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Adding Life in Years

There are all kinds of people in this congregation," my hostess said as we entered the sanctuary. But what I saw from the rear was a sea of gray heads. She was correct, of course, in saying that everyone in the congregation was unique. But like most other mainline churches across the country, the average age of members at this congregation has been relentlessly rising for the past generation. "Ministry with the elderly" is what most of these churches are doing most of the time.

"Elderly" is not as old as it used to be. In their excellent book Enabling the Elderly: Religious Institutions within the Community Service System (1986), Sheldon Tobin, James Eliot and Susan Anderson-Ray note that 80 percent of people over 65 are "well-elderly" who live in the community without special supports or institutional conditions. "Aging in place," they are the bulwark of their communities and the backbone of their local congregations. We must be sensitive to the minority who need help, but not overlook the strength of the vast majority of elderly who provide the stability and continuity in most parishes.

In broad strokes, we can classify seniors' contributions in three categories. First there are active members who "do it all." As I have heard from so many over the years (and now experience myself), "I can still do everything I used to do--it just takes me a little longer." Having flexible schedules (but often limited resources), many retired members come alive with new involvement in education and the arts, spiritual awareness and family bonds, worldwide issues and specific local concerns.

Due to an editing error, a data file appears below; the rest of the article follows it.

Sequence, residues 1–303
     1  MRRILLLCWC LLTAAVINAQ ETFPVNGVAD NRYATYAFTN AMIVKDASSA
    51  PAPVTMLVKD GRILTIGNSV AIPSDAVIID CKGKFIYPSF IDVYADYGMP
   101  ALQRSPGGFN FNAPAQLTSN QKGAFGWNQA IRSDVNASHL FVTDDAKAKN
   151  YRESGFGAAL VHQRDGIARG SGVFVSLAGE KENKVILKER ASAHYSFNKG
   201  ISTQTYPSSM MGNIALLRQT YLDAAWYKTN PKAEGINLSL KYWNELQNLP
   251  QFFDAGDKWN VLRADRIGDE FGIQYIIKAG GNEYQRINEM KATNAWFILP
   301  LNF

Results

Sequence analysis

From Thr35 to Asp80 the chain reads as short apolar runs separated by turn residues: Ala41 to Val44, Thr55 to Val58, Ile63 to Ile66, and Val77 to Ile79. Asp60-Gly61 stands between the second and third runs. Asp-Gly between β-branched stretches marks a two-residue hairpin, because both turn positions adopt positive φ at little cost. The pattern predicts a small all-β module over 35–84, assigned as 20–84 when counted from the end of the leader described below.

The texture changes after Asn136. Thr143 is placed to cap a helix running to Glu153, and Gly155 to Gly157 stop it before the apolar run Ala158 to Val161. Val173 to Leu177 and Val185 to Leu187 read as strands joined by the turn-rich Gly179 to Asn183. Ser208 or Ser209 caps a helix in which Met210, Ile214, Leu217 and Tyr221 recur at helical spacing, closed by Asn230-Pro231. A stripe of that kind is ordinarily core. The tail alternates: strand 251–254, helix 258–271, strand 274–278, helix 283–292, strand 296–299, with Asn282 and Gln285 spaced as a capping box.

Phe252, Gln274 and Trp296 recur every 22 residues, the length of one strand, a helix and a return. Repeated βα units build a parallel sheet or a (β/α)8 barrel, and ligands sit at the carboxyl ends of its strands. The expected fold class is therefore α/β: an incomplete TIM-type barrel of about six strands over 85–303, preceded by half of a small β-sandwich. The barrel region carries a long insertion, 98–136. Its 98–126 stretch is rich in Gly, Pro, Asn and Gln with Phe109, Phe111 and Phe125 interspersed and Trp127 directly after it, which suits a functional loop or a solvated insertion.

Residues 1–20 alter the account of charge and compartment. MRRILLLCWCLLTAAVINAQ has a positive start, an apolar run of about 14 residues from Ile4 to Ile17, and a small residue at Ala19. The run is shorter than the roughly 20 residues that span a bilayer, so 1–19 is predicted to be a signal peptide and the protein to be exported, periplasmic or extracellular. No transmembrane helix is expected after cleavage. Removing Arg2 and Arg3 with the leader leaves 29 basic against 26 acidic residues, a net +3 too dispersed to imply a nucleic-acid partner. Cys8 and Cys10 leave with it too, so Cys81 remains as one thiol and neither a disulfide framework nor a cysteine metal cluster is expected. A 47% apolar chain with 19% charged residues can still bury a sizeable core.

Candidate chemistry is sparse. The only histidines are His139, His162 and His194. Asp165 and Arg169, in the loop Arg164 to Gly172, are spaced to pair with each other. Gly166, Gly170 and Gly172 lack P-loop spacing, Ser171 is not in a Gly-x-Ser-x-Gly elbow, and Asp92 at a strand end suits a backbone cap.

These lively elderly frequently shatter stereotypes. What they lack in quick energy they contribute in staying power. What they may have missed in global experience they make up for with a juicy reservoir of personal stories about the details of life as it used to be. Far from being locked into repetitive old patterns, the wise old-timers know that anyone who says "we've always done it this way" has a poor memory for all the options history has on record.

Some seniors have a special gift for reaching teenagers unavailable to the intervening generation. One church enlisted its youth to repair the homes of elderly. Over refreshment breaks, the teens and the "neighborhood grandparents," as one young person called them, formed fast friendships. Through this unexpected alliance, the young and old swapped stories and talked about their views of the world. They agreed that the generation between them (parents of one group, children of the other) didn't really understand!

Unfortunately, the lively elderly decline with age and illness. This second, smaller group of elderly needs help--which is also a gift to us. Tobin, Ellor and Anderson-Ray eloquently describe the array of services that churches and their members can provide at low cost and amazingly high rewards for services rendered. These include legal and health services, in-house care, transportation and emergency assistance. One church started a ministry simply by helping to fill out insurance and Social Security forms; lively elderly did what they could for neighbors with failing eyesight. The relationships forged by this ministry proved strong and durable. When a crisis erupted--the county discontinued offering ambulance service--the church members raised their voices in strong and successful support for the needs of the elderly. Because a network of care already existed, the congregation could exercise its compassion on a larger scale.

There's a third group of elderly members whose gift touches far more lives than they will every know. They are everyday saints who enact their faith with such natural simplicity that they inspire others to live more fully and satisfying lives. In Practicing Our Faith (Dorothy Bass, ed., 1997), Amy Plantinga Pauw calls this "dying well." As these faithful children of God witness to life even as they face their last days, others are moved to expand their strength and celebrate the human and spiritual gifts they share. In this process, some aging members offer inspiration that far exceeds the details of their obituary. They make us all more than we are.

The lively elderly carry much of the ministry, the infirmed elderly challenge us to care, and the saints inspire us to stretch beyond ourselves. All three are found in every parish.

July-August 1997




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